Approximately 1 hour later a force of 17 ARVN infantrymen and 4 U.S. infantrymen were inserted near the area to search for survivors. They also came under enemy attack on 3 fronts at about 500 meters before reaching the crash site and were forced to fall back to the LZ and be evacuated by elements of “B” Troop, 7/17th Calvary. It was noted on some reports on Oct 17th 1973 from The Adjutant General’s office and another witness statement indicates that a B-52 Arc Light strike was made in and around the crash site area on the same date of the incident.

Due to enemy activity in the area no further attempts were made at search until 30th of June 1972 when an ARVN rifle platoon accompanied by 3 U.S. infantrymen were inserted into the area on a search mission. In and around the crash site, an area encompassing approximately 100 meters were numerous skeletal remains. They found a mount of loose dirt near the wreckage thought to be paced there by the enemy after uncovering the soil from the mount of dirt were bones & other remains along with the SPH/4 flight helmet, Nomex and .38 pistol. Observations on the wreckage looked like .51 cal hits were received prior to the crash. All items were recovered and sent to the Saigon mortuary at Tan Son Nhut for analysis. Results of this analysis are pending at this time “Signed June 30 1972.” Remains were confirmed as WO1 Gerald D Spradlin’s remains. No trace of SP4 Larry Morrow were found on or near the crash site.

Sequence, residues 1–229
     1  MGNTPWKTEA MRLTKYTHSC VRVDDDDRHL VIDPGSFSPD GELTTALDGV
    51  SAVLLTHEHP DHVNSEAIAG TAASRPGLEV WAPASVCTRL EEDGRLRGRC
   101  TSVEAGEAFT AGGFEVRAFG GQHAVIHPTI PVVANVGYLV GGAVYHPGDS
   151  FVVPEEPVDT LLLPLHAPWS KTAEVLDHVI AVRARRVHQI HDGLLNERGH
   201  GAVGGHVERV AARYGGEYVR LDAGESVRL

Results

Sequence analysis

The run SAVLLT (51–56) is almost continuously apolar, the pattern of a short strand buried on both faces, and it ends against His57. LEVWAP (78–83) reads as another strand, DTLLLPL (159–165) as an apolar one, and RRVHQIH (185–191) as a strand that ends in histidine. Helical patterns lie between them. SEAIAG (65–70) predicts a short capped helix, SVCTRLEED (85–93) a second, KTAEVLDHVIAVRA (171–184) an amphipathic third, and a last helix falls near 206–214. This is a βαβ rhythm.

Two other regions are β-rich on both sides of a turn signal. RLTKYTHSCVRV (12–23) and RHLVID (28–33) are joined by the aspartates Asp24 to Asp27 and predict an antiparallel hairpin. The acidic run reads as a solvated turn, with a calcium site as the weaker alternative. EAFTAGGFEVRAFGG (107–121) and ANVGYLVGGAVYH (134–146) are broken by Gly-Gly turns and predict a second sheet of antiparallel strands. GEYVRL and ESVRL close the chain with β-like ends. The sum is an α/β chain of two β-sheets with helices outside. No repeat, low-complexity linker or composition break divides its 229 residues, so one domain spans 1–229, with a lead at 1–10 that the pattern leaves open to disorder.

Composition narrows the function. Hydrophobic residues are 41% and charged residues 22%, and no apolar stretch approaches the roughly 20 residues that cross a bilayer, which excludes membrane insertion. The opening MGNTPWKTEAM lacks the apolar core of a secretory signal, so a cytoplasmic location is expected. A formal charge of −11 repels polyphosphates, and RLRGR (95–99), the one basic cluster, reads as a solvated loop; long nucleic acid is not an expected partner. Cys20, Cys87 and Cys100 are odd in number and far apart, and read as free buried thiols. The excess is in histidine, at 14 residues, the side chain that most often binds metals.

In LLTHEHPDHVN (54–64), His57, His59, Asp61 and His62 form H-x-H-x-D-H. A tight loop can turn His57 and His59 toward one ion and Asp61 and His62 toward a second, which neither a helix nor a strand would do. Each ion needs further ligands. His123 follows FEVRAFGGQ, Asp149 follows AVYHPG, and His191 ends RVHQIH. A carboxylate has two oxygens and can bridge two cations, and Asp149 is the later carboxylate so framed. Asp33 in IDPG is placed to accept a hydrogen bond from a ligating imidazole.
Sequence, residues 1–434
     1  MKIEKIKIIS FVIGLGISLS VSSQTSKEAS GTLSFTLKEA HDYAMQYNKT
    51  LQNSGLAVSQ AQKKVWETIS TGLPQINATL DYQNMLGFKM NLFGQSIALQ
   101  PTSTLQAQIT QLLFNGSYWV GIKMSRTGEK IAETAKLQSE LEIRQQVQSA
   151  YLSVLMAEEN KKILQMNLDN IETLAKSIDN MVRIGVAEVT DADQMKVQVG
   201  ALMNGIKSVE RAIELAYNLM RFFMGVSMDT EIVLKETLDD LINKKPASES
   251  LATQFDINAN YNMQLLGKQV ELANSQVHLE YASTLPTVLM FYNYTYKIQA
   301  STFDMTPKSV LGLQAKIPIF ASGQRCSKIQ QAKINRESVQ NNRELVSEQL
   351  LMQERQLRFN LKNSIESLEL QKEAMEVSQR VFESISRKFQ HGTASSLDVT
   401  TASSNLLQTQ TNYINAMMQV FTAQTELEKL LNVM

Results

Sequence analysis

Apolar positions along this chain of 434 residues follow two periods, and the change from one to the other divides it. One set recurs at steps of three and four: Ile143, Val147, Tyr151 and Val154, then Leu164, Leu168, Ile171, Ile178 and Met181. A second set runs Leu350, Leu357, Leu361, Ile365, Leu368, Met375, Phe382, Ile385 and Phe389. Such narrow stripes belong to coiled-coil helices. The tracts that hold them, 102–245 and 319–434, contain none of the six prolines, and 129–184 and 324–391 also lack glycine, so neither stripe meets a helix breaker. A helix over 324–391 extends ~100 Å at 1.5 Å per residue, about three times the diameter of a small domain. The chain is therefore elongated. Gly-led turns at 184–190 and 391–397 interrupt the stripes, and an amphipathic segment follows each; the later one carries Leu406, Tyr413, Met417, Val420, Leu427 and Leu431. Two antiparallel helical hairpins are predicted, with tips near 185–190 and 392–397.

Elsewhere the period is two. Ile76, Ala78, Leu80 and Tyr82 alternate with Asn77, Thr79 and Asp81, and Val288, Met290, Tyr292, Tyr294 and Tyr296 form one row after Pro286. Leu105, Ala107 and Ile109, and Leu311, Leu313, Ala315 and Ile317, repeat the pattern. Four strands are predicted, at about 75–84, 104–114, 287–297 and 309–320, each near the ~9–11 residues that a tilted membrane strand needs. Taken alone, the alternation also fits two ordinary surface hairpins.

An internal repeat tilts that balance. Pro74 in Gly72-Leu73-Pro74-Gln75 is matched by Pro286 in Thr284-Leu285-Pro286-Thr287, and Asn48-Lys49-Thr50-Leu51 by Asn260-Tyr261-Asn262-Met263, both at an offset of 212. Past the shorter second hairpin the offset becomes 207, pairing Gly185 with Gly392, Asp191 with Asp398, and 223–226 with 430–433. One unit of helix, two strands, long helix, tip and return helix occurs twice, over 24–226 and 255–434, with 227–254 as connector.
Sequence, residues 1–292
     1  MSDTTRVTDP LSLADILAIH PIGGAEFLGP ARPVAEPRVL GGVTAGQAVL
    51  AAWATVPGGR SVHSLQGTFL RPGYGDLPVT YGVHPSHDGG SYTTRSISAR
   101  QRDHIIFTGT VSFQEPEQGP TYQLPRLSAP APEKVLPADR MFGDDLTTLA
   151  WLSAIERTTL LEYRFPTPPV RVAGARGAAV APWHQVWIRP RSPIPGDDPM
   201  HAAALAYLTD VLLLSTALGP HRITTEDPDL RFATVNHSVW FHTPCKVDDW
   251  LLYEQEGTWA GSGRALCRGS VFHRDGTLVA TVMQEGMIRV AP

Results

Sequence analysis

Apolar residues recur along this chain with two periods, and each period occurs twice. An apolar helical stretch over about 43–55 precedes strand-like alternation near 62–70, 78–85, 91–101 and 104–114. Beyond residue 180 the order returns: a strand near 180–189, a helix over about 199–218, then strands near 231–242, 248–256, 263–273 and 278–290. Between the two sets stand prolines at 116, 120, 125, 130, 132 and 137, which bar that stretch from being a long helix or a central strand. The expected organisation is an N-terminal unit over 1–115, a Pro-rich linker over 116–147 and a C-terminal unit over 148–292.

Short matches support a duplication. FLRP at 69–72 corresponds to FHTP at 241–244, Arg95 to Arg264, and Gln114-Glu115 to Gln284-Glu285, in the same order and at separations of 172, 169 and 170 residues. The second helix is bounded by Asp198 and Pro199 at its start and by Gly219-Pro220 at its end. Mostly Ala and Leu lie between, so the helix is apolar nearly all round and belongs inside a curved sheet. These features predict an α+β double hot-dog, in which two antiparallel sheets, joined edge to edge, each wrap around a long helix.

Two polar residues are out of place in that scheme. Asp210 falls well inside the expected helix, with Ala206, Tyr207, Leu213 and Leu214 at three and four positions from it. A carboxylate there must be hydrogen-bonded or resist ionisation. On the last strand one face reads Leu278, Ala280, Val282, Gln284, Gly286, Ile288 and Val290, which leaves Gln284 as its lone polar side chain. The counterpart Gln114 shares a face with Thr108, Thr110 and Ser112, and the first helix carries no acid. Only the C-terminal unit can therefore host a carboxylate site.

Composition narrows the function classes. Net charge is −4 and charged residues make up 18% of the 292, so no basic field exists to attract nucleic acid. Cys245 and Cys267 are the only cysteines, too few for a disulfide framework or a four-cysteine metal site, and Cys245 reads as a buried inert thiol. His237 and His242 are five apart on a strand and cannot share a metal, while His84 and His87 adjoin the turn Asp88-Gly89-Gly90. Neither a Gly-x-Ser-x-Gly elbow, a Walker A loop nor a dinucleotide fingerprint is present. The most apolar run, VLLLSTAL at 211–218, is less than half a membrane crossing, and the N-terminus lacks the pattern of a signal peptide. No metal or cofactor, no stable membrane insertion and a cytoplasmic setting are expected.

Specialist Morrow was initially declared missing in action. Returning U.S. POWs had no information on his precise fate. In November 1973, he was declared killed in action/body not recovered based on a presumptive finding of death. On December 21, 1973, a Vietnam People's Army defector reported having seen an American POW in June 1972 at a location approximately 55 kilometers from the crash site. This report was placed in Specialist Morrow's file. In August 1974, the crash site was searched again, but no further human remains were recovered. In August 1983, U.S. intelligence received information concerning the downing of a U.S. aircraft in the general area of Specialist Morrow's loss incident. One airman was reportedly killed and one captured. This report was also placed in Specialist Morrow's file. In December 1990, U.S. investigators in Vietnam visited the area of this loss incident. They interviewed a former Vietnam People's Army officer with knowledge of the area and some responsibility for U.S. POWs held in the area. Although they had information on some U.S. POWs, they had no information about Specialist Morrow, including an indication as to whether or not he had been captured alive.

Special Note: I am a Southeast Asia POW/MIA Case Officer and work at the Defense POW/MIA Accounting Agency. I am looking for anyone that witnessed the downing of an OH-6A flown by WO1 Spradlin with SP4 Morrow as the Oscar. The loss occurred on 29 May 1972. They were from 7/17th Cav. I am also looking to speak with anyone that participated in the recovery of WO1 Spradlin in June and August of 1972. Any help with this matter is much appreciated.

Dr. J Dr James Cloninger at james.m.cloninger.civ@mail.mil - Thursday, July 21, 2016 at 07:32:44 (EDT)

This record was last updated on 03/10/2018

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Date posted on this site: 11/13/2023